Sclerotinia blight

Infected plant
The first sign of sclerotinia is a wilting branch or bush
Infected plants
The white fluffy mycelium of S. sclerotiorum is similar to S. minor. Note the relatively large black sclerote (left). S. sclerotiorum and smaller black sclerotes produced by S. minor (right)
Scientific name

Sclerotinia sclerotiorum and S. minor.


Major and expanding. S. minor is the main problem in the South Burnett, while S. sclerotiorum is the main problem on the Atherton Tableland and at Coominya.

These diseases can devastate a crop in a few days, if it is continuously wet. Sclerotinia, particularly S. sclerotiorum, shows up first in wetter parts of the paddock where the bushes are larger or where it may be in the shade for longer.


Usually the first sign of sclerotinia is a wilting branch or bush. The plant will begin to show visible wilting only after it has been infected for many days. Early detection is essential.

Both types of sclerotinia produce fluffy, white, mould-like cotton wool. The size of the black resting bodies (sclerotes) formed on and in stems is different; those of S. sclerotiorum are larger than a wheat grain, while those of S. minor are smaller and similar in size to raw sugar crystals. Stems wilt and become dry and bleached where the fungus is present. The life cycles of the two types differ. S. minor does not normally produce the small mushrooms that release spores into the wind like S. sclerotiorum. Infections of lower stems and pegs develop from germinating sclerotes.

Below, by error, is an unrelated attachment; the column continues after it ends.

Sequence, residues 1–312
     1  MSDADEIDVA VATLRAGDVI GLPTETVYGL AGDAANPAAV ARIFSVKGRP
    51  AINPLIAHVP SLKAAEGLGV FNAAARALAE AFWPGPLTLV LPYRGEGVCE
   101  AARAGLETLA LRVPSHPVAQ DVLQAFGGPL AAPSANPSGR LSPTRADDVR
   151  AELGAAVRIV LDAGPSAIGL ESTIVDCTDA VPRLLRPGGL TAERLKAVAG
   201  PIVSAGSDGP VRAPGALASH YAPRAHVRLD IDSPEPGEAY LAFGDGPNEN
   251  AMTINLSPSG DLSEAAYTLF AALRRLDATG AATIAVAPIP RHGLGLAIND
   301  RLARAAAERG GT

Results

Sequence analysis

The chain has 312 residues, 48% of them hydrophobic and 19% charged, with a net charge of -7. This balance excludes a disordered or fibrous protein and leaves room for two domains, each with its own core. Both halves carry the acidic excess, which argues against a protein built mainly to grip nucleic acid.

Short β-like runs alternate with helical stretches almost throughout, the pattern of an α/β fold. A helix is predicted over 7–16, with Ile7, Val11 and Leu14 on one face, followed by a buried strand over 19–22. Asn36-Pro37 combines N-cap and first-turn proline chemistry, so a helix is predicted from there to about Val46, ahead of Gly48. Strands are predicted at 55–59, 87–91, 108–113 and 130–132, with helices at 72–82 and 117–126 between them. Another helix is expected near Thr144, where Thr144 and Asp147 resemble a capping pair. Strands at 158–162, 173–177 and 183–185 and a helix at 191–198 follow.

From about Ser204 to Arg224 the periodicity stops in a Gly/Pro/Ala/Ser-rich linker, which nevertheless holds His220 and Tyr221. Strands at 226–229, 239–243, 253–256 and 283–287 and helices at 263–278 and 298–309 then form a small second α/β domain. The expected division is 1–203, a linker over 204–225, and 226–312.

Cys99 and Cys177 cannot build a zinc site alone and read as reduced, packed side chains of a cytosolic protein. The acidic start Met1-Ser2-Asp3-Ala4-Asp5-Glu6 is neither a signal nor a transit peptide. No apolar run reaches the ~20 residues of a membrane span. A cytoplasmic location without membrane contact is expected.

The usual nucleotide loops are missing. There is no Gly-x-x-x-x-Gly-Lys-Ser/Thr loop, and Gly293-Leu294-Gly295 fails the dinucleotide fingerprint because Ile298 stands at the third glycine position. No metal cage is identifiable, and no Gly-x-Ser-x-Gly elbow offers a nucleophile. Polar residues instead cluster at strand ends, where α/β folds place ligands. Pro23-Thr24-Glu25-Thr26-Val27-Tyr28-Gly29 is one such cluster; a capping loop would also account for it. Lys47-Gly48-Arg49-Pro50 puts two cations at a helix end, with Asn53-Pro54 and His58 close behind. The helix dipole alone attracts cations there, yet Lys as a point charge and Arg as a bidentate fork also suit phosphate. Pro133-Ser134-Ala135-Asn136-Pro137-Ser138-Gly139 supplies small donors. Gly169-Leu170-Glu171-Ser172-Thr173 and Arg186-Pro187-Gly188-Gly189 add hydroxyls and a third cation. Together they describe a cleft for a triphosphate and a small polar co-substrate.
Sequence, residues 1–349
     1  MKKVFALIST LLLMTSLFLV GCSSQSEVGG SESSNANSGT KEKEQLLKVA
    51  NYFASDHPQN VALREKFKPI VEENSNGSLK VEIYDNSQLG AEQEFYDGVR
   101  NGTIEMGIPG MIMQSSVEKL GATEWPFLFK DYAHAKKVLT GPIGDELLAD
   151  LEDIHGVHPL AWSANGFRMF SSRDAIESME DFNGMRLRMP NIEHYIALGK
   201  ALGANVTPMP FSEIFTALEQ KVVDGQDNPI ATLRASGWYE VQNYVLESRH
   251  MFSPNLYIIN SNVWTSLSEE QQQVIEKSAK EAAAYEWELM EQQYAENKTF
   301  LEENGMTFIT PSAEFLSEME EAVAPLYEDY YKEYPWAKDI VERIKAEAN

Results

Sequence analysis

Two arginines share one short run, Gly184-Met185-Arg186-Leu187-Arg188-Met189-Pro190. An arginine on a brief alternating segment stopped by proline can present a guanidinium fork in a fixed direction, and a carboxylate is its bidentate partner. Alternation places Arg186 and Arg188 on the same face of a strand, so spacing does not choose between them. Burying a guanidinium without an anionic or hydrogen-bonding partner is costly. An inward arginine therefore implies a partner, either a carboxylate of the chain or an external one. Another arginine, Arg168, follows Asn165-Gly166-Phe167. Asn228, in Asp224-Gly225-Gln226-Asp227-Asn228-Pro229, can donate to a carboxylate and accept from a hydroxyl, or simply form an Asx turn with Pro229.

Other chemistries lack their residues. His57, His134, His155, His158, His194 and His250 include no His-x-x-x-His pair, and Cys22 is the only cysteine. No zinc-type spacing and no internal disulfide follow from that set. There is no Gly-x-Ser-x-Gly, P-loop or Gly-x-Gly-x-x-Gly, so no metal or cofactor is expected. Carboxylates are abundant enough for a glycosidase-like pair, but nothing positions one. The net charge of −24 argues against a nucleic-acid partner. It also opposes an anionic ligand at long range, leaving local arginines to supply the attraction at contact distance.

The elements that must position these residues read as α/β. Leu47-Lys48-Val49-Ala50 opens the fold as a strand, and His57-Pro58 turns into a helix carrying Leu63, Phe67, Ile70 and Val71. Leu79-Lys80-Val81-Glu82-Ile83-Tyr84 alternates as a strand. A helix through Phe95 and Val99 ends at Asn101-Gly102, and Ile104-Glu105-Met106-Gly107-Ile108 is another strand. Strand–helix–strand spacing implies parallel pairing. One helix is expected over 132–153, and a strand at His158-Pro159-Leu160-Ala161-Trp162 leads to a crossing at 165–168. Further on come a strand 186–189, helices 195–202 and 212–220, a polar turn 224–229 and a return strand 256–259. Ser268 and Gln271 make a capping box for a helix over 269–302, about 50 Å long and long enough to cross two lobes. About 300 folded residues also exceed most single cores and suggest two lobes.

S. minor spreads by physical movement of the sclerotes. S. sclerotiorum spreads by sclerotes and by wind-blown spores.

Management options

Prevention in future crops is difficult.

Avoid damage to plants from inter-row cultivations.

Monitor the crop for infection, especially in cool, damp conditions. Spray with a recommended fungicide as soon as the disease is seen. Correct timing is essential to get the most effective control.

Apply registered fungicide. If the field has a history of sclerotinia, consider spraying as a precaution when the row has half closed. More than one spray may be needed.

Try to avoid the continued use of chlorothalonil to control leaf diseases in fields where sclerotinia is a problem. Continue to use chlorothalonil if the damage from leaf spot, rust and net blotch is likely to be worse than the sclerotinia.

Chemical registrations and permits
Check the Australian Pesticides and Veterinary Medicines Authority chemical database and permit database for chemicals registered or approved under permit to treat this disease on the target crop in your state or location. Always read the label and observe withholding periods.